Latin virga.

Like many Domesday measures, there is no certainty about the extent of the customary rod, or even whether it was a linear or areal unit, though it is most commonly used in Domesday as one of the dimensions of an area.

As a measure of length, it would have been notionally 5.5 yards; of area, a virgate or quarter of an acre. It is not always possible to distinguish the rod (virga) from the virgate (virgata) as the scribe might use the same abbreviation (virg', or even simply v') for either. Both had the same root meaning: rods were quarters of acres; virgates quarters of hides.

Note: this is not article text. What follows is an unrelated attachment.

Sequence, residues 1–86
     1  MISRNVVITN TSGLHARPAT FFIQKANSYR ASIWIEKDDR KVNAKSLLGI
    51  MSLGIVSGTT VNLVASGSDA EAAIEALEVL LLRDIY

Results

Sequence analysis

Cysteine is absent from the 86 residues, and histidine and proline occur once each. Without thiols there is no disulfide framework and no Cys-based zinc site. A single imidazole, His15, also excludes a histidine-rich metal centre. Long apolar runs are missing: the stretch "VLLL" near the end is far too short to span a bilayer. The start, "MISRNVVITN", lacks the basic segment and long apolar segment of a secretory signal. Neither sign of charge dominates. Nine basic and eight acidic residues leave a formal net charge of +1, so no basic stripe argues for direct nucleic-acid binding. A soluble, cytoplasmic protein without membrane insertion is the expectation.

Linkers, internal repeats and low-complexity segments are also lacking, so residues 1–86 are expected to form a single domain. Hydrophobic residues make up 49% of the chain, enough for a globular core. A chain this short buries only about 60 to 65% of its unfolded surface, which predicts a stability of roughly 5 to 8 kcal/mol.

For more detail, see Frederic Seebohm, The English village community (fourth edition, 1915); F.W. Maitland, Domesday Book and beyond (1897); Philip Grierson, English linear measures: an essay in origins (1972); and Philip Grierson, 'Weights and measures', Domesday Book: studies, edited by Ann Williams and R.W.H. Erskine (1987), pages 80-85.